What Can Search Predict?

Monday, November 30, 2009
By Sharad Goel


Statistical wisdom is sometimes found in unusual places. Take, for example, the following exchange in, “Whip It,” a story of roller-derby loving misfits:

Team: (chanting, after a game) We’re number two! We’re number two! Coach: You guys came in second out of two teams. Team: Woo!

So what’s the moral? Well, there’s been a fair amount of buzz this year over the finding that web search behavior is correlated with offline outcomes, including flu incidence and economic activity (e.g., auto and home sales). For example, an increase in queries for “flu” and “cold” is often associated with a rise in actual flu caseloads. The correlation between search volume and flu levels in fact seems quite good, hovering around 0.95. My initial reaction to these results was somewhat critical, and boils down to the observation that simple statistical models are comparable to, often even better than, search-based predictions. Invoking the first lesson of Whip It: Success is best evaluated in context. To give another example of this principle, it may sound impressive to predict with 97% accuracy whether it’ll be cloudy in Cold Bay, AK  — at least until you learn Cold Bay is only sunny 10 days a year. This assessment, however, should be weighed against the second lesson of Whip It: Number two can still be cool. The fact that search is so highly correlated with health and economic outcomes says something interesting about human behavior, regardless of whether or not it’ll help save the world.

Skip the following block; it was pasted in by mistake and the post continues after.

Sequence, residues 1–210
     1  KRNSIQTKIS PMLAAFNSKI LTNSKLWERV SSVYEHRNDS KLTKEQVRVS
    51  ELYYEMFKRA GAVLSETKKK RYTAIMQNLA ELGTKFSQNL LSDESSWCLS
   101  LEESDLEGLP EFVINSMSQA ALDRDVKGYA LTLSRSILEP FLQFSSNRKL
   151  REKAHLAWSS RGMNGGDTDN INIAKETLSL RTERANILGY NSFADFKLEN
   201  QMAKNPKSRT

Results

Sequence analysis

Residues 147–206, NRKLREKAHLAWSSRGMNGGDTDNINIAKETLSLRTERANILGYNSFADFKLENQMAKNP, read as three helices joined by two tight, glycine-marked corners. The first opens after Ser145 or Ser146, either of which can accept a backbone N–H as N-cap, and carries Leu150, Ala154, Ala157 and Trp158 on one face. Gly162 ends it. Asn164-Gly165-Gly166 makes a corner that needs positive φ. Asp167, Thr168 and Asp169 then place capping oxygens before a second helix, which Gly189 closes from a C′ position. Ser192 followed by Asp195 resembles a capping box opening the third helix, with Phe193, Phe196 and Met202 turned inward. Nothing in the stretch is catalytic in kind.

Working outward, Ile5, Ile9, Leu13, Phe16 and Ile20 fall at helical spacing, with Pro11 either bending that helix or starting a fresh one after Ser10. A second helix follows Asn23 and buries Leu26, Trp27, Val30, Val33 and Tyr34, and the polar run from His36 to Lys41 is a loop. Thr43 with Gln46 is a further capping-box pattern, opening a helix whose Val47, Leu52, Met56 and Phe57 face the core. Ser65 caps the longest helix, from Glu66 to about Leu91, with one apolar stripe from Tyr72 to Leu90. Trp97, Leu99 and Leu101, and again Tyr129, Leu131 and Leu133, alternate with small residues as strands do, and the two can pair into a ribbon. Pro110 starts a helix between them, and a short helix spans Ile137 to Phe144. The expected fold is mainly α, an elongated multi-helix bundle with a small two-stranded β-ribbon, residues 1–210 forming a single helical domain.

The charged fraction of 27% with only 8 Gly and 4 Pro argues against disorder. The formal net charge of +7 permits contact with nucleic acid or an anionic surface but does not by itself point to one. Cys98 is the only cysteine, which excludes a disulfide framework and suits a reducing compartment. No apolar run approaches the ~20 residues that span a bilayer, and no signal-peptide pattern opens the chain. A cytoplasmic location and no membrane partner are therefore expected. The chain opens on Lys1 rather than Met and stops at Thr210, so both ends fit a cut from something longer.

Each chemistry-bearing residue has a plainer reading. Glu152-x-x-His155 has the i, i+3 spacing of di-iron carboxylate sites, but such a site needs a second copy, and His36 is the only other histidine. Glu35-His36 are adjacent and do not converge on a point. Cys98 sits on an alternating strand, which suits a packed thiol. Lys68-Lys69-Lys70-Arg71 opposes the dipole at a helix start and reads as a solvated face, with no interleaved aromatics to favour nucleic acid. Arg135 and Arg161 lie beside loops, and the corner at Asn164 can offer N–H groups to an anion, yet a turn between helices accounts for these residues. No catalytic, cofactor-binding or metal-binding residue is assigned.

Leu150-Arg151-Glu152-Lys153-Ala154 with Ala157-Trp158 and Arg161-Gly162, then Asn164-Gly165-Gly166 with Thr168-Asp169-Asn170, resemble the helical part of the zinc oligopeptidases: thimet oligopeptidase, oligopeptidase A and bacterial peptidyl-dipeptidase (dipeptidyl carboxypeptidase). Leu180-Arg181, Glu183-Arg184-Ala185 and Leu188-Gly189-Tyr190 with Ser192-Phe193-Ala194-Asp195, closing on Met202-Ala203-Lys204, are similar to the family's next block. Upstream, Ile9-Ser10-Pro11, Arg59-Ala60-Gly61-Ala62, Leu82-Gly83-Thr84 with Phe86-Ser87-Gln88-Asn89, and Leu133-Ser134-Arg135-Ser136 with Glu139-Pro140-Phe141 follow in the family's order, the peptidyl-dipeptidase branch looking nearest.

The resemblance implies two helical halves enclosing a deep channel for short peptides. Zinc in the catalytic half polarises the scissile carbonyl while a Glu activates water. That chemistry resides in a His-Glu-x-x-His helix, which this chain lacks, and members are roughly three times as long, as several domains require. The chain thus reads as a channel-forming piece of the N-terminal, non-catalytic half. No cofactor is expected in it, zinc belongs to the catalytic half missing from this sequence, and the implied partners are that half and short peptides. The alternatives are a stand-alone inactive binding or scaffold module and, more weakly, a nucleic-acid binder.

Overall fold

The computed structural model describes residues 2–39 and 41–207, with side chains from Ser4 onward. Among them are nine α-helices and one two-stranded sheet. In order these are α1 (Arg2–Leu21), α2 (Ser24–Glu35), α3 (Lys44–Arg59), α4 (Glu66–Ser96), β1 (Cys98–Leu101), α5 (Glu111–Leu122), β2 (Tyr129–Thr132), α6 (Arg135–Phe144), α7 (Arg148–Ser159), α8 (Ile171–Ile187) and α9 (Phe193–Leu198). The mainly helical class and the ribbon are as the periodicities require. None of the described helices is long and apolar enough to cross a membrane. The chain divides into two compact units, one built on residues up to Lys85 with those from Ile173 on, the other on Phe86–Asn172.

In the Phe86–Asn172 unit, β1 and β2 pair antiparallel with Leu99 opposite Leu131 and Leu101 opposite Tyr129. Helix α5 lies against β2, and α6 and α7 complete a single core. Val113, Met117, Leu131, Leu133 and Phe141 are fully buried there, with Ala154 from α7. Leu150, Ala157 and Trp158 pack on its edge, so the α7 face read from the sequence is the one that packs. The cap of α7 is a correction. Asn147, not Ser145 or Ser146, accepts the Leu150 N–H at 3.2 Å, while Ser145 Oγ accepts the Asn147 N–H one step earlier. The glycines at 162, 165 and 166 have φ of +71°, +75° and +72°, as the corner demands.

Motivated by these examples, fellow yahoos (Jake Hofman, Sébastien Lahaie, Dave Pennock, and Duncan Watts) and I recently investigated the extent to which search behavior predicts the success of cultural products, namely movies, video games, and music. In a departure from past work that has focused on real-time reporting of current activity (e.g., flu trends) — what Choi and Varian cleverly call “predicting the present” — our objective was to predict future events, typically days to weeks in advance. Specifically, we use query volume to forecast opening weekend box-office revenue for feature films, first month sales of video games, and the rank of songs on the Billboard Hot 100. In all cases that we consider, we find search volume on its own is predictive of future outcomes, but search is nevertheless often outperformed by baseline models trained on publicly available data; combining search and baseline models generally leads to modest improvements.

Whether web search is useful in predicting real-world activity is therefore likely a matter of circumstance and necessity: On the one hand, across a variety of domains, adding search to baseline models does not dramatically boost performance; but on the other hand, in certain situations, such baseline estimates may be difficult to generate, and for some applications, even small gains in performance are valuable. In other words, the benefit of web search as a prediction tool may have less to do with its superiority over other methods than with its generality, low cost, and real-time nature.

NB: For more details, check out our paper.

Illustration by Kelly Savage

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